Continuing with this foolishness even after the Union of the Crowns, the Scots decided that what they needed to be a world player were overseas colonies. The Darien scheme to fulfil this ambition never stood a chance. Our king, William III, needed Spain’s support against Louis XIV of France and was never going to support the smaller part of the United Kingdom against Spanish overseas interests. Scotland was trying to mix it with the big boys and came off worse. If it is not too trite a comparison, it was like Celtic trying to win the European League against far better resourced clubs. More profoundly, it demonstrated that a king could not serve two parliaments. Historians are open on the question as to whether the failure of this overseas adventure led directly to the Union of the Parliaments. But it did produce financial and constitutional crises and the coming together of the legislatures was the factual outcome.
This week seems to be an important one for reviewing our country’s history. The Grand Tapestry of Scotland has been produced to demonstrate Scotland’s nationhood and chequered history. Of course, we are a nation. No-one is arguing against that. We don’t need pictures to prove that. This beautiful work must be worthwhile, because it is backed by a number of Scotland’s leading figures in the arts. But one wonders what it says about ourselves when we spend so much effort producing it nearly 1,000 years after a similar one, now hanging in Bayeux, depicting the Norman Conquest of England. Too much looking back, maybe?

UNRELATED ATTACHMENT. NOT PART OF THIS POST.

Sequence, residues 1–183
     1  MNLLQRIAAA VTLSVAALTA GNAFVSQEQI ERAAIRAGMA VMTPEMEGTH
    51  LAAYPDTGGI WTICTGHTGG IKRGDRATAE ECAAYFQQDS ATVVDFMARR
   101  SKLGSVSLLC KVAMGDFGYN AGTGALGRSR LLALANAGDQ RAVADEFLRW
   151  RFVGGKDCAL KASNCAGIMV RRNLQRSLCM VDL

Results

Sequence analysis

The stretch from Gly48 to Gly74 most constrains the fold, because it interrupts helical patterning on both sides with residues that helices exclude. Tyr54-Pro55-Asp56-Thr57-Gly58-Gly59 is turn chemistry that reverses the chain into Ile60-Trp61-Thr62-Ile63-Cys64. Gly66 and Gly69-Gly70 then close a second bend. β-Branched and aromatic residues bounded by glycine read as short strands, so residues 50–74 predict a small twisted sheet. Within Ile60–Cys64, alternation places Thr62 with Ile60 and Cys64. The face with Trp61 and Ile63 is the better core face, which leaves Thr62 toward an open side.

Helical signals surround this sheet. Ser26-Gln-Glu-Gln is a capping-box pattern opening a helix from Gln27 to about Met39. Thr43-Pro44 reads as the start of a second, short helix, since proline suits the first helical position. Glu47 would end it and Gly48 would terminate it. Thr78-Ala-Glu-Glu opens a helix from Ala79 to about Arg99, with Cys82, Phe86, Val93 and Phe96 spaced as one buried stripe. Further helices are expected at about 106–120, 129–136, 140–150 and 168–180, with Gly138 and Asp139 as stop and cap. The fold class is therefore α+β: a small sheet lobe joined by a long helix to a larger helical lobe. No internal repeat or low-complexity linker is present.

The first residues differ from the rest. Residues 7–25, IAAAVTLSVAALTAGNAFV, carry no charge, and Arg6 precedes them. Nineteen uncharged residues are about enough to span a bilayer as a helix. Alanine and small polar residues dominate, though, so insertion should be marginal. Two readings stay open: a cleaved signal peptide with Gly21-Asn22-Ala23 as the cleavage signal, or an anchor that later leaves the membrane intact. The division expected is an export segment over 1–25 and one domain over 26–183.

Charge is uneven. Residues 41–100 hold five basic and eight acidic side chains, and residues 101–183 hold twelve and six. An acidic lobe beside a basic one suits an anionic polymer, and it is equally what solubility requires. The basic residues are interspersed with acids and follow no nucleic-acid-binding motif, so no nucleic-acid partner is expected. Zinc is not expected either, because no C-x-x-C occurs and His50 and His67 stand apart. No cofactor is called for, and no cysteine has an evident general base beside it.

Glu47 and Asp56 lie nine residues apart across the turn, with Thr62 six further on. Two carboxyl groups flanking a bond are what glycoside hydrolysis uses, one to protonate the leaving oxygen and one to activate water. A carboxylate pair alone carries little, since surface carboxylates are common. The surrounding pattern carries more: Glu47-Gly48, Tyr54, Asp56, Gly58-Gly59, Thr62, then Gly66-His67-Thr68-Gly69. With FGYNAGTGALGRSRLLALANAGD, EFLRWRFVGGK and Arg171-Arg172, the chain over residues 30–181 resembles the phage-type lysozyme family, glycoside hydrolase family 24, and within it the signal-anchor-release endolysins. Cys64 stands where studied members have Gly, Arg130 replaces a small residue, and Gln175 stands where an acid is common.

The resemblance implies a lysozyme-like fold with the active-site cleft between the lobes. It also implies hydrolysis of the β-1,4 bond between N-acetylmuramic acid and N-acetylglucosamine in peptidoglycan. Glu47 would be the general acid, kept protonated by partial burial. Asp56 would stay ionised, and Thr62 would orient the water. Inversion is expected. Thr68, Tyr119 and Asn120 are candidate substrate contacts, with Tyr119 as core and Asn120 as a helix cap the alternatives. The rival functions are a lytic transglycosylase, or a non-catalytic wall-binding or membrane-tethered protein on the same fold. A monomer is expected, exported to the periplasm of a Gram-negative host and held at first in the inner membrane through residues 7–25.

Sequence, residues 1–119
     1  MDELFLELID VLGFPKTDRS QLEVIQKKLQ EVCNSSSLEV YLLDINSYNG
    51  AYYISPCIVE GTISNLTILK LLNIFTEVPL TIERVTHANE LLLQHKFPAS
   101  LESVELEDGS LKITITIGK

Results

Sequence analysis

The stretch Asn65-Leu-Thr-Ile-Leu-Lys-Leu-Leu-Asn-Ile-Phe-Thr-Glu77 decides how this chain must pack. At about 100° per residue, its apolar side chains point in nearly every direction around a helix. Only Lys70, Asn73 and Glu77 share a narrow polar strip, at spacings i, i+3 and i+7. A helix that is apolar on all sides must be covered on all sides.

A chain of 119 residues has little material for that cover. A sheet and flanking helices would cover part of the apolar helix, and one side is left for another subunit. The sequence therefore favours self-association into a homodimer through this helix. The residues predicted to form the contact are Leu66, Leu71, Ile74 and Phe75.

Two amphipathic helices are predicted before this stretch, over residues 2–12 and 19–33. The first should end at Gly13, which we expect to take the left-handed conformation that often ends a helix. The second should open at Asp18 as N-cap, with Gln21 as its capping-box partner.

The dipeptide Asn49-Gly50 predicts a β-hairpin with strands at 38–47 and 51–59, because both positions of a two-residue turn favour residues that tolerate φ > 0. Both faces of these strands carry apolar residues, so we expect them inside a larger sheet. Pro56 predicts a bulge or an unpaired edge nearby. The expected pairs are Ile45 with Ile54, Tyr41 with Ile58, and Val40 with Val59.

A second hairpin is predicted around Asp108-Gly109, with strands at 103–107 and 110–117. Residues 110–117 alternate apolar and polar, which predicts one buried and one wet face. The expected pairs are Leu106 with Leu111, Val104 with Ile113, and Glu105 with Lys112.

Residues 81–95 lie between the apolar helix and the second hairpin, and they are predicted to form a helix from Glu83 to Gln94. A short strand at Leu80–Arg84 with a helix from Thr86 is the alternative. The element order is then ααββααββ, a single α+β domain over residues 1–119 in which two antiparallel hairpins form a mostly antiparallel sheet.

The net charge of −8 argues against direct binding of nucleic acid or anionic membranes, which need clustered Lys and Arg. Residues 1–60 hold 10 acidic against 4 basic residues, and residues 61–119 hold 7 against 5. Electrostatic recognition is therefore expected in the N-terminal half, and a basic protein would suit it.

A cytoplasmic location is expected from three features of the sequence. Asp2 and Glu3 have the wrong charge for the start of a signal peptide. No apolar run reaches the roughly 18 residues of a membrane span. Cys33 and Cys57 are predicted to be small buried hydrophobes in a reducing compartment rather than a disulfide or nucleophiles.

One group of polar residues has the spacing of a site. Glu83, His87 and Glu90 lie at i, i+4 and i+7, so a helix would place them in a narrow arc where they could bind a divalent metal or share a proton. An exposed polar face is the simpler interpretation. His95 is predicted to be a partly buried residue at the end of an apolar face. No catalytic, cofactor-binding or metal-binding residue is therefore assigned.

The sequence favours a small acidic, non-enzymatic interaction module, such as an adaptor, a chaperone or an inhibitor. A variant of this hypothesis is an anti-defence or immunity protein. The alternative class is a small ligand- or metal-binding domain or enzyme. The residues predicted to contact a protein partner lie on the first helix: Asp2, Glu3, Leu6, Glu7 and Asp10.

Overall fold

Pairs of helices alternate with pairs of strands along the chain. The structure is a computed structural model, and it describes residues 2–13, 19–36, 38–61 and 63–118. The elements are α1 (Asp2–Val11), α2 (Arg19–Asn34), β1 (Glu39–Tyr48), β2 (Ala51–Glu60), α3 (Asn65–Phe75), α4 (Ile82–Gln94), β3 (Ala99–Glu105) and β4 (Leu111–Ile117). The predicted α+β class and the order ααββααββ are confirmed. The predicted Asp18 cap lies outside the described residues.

However, if we indulge that obsession for a moment, we might conclude that trying to reverse the 300 years of progress since a Union the separatists now wish to dissolve is indeed turning the clock back. The fact that their plans incorporate specifically the separation of the parliaments but not the Union of the Crowns that caused fundamental problems in the first place is merely an irony. It is not such a practical difficulty in times of constitutional monarchy, but it is an offer which owes nothing to principle except that of winning the referendum at any cost. It would be reversed at the first opportunity if the vote goes fatally wrong.